Next up was half-Cree Albertan musician Cris Derksen, a cellist who captivated the audience with her multi-dimensional performance. She started off with a live improvisation that embraced the acoustics of her cello, creating heavy bevies of beautiful sound by weaving her bow masterfully along its strings. Within her Juno nominated album Orchestral Powwow, Derksen braids traditional powwow singing and drumming together with new-age electronic manipulation, creating unique textures that overlap and culminate in genre-defying arrangements. As for the rest of her performance at the showcase, she decided to share songs that she will be putting onto her upcoming album, including a piece that was written in respect for the missing Indigenous women across Canada. Unlike the other Aboriginal Juno nominees, Derksen was nominated in the category of Instrumental Album of the Year. While she didn’t win the award, she hopes her next album will be nominated for another Juno in 2017.
Blues guitarist Derek Miller of Six Nations in Ontario hit the stage next, belting out songs from his Juno nominated album Rumble. Receiving a Juno in 2003 and 2008, Miller was well-seasoned in his performance at the showcase. With a band accompany him, he rumbled the auditorium with heavy guitar riffs and rocking blues songs. He even did a cover of “Come And Get Your Love” by Redbone, adding his own flare of grittiness and snarling vocals.
Above all, though, Buffy Sainte-Marie was the standout performing artist of the evening. Accompanied by her band, she sang multiple songs from her Juno nominated album Power In The Blood, as well as many others from her past records including “Darling Don’t Cry,” “Universal Soldier,” and “Little Wheel Spin and Spin.” On Juno award night, Sainte-Marie received not only Aboriginal Album of the Year, but was also recognized for her work’s thought-provoking lyricism and received the award for Songwriter of the Year. During her acceptance of the awards, Sainte-Marie shared a spoken word segment of her lyrics from the closing track on her album Carry It On, which she also shared at the JunoFest showcase.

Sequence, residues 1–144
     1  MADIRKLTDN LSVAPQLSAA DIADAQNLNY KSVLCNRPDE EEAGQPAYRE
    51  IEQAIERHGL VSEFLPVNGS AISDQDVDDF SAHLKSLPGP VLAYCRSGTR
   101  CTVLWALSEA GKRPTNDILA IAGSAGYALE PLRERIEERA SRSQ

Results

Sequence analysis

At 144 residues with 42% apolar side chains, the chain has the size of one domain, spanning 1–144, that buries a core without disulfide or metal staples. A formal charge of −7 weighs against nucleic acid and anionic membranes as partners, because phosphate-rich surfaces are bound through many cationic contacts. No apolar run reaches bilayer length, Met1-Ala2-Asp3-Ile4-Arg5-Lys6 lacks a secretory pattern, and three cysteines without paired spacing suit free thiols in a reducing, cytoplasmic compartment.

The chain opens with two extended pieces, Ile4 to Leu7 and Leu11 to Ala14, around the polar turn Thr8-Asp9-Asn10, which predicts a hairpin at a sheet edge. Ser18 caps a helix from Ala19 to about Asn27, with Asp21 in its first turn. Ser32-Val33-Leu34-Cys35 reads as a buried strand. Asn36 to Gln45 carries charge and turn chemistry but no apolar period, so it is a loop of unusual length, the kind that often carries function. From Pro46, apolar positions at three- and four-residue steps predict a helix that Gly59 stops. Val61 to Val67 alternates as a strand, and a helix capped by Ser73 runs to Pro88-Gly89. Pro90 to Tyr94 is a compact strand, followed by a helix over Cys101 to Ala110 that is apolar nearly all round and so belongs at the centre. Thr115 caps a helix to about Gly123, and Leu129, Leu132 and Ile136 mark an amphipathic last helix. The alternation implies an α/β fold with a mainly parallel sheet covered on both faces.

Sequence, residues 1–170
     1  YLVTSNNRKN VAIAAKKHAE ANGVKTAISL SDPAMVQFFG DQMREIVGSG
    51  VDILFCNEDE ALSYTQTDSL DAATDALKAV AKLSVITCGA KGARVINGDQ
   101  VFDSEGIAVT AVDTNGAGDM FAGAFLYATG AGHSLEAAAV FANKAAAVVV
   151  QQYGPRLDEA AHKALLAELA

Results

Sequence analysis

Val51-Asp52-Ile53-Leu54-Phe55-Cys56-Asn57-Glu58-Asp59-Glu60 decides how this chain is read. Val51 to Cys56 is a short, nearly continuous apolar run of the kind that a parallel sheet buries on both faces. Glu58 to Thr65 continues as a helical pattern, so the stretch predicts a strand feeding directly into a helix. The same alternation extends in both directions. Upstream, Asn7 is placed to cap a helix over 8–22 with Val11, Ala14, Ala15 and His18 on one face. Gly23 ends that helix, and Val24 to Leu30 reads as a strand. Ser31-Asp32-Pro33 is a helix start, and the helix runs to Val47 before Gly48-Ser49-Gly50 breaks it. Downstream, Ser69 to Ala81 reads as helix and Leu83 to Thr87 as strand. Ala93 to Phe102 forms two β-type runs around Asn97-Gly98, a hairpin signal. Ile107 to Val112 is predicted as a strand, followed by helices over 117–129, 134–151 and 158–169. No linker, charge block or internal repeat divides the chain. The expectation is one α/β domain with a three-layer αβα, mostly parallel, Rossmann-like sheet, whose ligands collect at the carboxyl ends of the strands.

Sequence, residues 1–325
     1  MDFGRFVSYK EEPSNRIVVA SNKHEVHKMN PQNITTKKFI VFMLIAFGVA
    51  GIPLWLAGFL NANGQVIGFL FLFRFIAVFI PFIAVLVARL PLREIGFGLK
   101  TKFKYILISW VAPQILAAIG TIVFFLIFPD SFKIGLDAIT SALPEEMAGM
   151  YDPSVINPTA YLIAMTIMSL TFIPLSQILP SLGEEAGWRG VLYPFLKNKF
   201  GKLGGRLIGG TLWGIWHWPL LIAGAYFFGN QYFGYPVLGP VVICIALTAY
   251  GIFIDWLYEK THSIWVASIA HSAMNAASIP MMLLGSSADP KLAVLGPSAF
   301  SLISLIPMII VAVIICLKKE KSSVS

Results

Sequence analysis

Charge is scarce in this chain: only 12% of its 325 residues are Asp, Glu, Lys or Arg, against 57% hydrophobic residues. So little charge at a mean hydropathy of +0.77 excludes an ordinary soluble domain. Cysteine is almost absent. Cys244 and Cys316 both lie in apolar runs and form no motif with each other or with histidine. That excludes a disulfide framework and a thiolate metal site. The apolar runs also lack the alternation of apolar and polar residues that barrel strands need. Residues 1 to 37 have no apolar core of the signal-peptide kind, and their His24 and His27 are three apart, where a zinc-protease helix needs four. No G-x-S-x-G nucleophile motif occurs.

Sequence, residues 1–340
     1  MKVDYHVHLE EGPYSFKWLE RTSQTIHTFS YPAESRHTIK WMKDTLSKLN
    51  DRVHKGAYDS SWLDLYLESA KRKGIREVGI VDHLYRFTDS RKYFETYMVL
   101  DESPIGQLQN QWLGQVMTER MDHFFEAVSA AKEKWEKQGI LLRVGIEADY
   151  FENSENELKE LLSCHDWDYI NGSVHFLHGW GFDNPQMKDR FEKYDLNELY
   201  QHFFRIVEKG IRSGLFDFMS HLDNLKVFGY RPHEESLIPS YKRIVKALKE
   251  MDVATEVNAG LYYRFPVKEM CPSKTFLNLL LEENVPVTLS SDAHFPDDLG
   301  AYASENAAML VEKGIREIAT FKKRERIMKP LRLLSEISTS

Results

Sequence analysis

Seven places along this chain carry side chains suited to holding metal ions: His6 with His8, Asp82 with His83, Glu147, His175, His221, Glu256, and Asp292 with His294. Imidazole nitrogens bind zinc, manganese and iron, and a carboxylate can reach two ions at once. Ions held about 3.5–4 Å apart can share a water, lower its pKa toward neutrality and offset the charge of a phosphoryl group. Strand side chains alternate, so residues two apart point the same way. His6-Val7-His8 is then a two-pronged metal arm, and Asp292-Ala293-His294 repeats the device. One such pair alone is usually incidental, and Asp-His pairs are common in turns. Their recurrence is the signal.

“Hold your head up,” she said. “Lift the top of your mind, put your eyes on the Earth. Lift your heart to your own home planet–what do you see? What is your attitude? Are you here to improve or damn it? Look right now and you will see, we’re only here by the skin of our teeth as it is, so take heart and take care of your link with life. It ain’t money that makes the world go around, that’s only temporary confusion. It ain’t governments that make people strong, it’s the opposite illusion. Look right now and you will see, they’re only here by the skin of our teeth as it is, so take heart and take care of your link with life… Life is beautiful if you got the sense to take care of your source of perfection. Mother Nature, she’s the daughter of God and the source of all protection. Look right now, and you will see she’s only here by the skin of her teeth as it is, so take heart and take care of your link with life.”
All of these artists exhibit the strength of Canada’s Aboriginal peoples, especially through a shared connection to culture, tradition, Mother Earth, and community. Check out these Juno nominated albums to see how our indigenous culture is being represented in the innovative music of today.